Eventually, Mr. Ye met more people. On a 2015 trip to the United States he met with Alan Greenspan, the former Federal Reserve chairman, to discuss the economy, according to CEFC.
He also met with Edward W. Scott Jr., a former software tycoon active in Washington political and philanthropic circles, during a dinner at Marcel’s, an upscale Belgian restaurant, ostensibly to talk about CEFC’s interest in buying an ethanol plant in which Mr. Scott had a financial interest. But the conversation instead focused on introductions Mr. Scott might make to other powerful figures he was friendly with, like the Microsoft co-founder Bill Gates. Alexander Pyntikov, a technology entrepreneur who attended the dinner, said several CEFC associates and what appeared to be a dozen bodyguards roamed the restaurant while they talked.
“The whole thing he was into wasn’t very clear,” Mr. Scott said. “It was very murky.”
To build influence, Mr. Ye turned to Vuk Jeremic, a Serbian diplomat and former president of the United Nations General Assembly whom CEFC hired as a consultant, and Mr. Ho, a former Hong Kong official. CEFC also donated at least $350,000 to the Institute for the Analysis of Global Security, a politically connected think tank, according to court testimony. The think tank counts Robert C. McFarlane, the Reagan-era national security adviser, as its president and Mr. Woolsey, a Clinton-era C.I.A. director, as its co-chairman.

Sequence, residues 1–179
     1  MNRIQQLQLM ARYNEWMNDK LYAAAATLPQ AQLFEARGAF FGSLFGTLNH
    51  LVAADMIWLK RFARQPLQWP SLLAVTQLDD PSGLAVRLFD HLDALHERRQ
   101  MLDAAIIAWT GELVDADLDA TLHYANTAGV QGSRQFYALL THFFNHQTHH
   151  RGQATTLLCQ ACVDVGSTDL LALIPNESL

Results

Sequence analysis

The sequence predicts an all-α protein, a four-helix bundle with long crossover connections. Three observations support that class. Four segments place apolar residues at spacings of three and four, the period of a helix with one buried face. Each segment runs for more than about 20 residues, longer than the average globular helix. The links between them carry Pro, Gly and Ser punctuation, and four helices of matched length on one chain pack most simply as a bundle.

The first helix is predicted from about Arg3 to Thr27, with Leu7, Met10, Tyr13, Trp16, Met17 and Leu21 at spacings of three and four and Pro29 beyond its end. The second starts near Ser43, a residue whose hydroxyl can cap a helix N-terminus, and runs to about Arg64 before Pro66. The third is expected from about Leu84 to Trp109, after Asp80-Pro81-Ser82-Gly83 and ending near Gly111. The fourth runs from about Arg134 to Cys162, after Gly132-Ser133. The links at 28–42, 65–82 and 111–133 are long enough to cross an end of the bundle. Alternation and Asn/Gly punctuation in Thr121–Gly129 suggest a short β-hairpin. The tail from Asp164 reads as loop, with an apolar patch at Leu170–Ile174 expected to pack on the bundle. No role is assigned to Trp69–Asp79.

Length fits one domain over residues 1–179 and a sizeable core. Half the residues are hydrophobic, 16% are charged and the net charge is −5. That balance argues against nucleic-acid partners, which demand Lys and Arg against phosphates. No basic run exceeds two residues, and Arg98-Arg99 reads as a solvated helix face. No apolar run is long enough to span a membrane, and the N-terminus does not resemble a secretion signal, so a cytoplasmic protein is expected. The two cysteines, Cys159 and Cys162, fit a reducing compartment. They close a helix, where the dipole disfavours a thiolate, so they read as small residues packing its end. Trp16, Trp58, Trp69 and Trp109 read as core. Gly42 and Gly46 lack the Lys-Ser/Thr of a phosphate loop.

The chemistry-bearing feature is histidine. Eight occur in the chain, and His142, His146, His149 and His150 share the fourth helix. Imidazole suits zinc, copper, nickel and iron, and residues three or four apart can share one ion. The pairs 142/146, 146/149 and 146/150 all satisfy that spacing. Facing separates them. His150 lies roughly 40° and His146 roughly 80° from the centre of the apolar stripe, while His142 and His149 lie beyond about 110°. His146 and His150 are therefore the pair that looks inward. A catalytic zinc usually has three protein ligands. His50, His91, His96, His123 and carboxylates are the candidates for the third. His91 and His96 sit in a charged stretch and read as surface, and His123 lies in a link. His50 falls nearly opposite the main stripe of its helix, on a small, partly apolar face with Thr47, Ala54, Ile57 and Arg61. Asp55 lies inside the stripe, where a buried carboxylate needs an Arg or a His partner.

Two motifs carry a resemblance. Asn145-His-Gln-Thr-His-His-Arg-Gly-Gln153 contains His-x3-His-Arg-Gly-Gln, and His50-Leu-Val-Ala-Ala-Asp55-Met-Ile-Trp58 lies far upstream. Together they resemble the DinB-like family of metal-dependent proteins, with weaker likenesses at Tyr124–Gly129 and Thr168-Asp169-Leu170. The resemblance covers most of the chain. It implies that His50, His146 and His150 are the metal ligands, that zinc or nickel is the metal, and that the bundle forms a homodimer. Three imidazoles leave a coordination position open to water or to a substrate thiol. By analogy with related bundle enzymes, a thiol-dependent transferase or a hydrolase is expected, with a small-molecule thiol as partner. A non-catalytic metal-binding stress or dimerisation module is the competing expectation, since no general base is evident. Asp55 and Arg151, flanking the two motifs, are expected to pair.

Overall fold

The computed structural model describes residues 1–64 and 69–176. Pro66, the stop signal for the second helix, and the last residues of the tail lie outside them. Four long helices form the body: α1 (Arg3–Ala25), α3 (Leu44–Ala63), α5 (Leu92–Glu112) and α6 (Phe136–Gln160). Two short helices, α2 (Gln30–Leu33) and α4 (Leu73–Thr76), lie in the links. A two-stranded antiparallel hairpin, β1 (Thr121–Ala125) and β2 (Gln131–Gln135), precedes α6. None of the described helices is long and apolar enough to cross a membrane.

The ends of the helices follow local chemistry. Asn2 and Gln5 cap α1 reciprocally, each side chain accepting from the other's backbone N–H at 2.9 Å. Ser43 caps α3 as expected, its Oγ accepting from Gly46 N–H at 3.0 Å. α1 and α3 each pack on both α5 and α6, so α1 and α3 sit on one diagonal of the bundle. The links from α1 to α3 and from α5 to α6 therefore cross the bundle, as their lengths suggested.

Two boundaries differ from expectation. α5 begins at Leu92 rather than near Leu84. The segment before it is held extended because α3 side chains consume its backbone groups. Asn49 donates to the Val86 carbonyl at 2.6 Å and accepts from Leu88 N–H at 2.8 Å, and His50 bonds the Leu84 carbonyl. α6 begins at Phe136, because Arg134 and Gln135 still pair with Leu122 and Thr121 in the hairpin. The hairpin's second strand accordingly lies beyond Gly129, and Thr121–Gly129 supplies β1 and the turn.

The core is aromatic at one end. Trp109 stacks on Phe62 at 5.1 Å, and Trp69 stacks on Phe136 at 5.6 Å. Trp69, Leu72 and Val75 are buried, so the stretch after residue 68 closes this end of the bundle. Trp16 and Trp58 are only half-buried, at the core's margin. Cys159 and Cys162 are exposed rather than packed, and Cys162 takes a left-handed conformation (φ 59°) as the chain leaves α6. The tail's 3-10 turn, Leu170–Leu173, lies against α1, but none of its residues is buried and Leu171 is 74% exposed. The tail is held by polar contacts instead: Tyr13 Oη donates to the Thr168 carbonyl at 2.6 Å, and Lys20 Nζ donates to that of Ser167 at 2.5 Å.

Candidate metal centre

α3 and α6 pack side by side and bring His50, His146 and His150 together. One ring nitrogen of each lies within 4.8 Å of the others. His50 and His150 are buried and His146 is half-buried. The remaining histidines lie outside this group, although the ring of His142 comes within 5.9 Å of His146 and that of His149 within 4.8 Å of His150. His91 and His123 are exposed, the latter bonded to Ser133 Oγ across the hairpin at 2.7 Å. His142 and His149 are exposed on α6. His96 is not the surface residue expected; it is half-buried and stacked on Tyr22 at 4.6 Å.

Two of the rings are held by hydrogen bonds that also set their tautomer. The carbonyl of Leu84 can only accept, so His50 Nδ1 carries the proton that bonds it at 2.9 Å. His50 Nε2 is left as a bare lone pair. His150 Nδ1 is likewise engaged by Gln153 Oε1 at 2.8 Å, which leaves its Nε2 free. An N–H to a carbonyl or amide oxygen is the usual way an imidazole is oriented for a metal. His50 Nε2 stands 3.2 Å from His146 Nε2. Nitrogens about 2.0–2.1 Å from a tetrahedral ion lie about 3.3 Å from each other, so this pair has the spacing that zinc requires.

In an emailed statement, Mr. McFarlane said his encounters with CEFC were related to research on American dependence on foreign oil. “I have never had any organic or contractual relationship with CEFC,” he said. Mr. Woolsey didn’t respond to requests for comment.
Mr. Ye also further loosened CEFC’s purse strings, donating as much as $100,000 to the Clinton Foundation. Outside the Beltway, a CEFC foundation donated at least $500,000 to a Columbia University research center, winning Mr. Ye notice within the energy industry and among China watchers. Neither foundation responded to a request for comment.
Columbia’s School of International and Public Affairs said in a statement that it “has had no contact with CEFC or any of its officials for more than a year, nor have we accepted further contributions.”
CEFC also organized forums in Hong Kong and Washington that brought together retired American and Chinese military officers, among other events. All the while it continued to network.
“They kept coming back and saying, ‘Can we organize contacts?’” Mr. Pyntikov said.
It wasn’t long before Mr. Ye began to strike deals in the United States. In early 2017, CEFC agreed to buy one-fifth of Cowen, a New York boutique investment banking firm, for about $100 million, though the deal never received approval in Washington and was abandoned.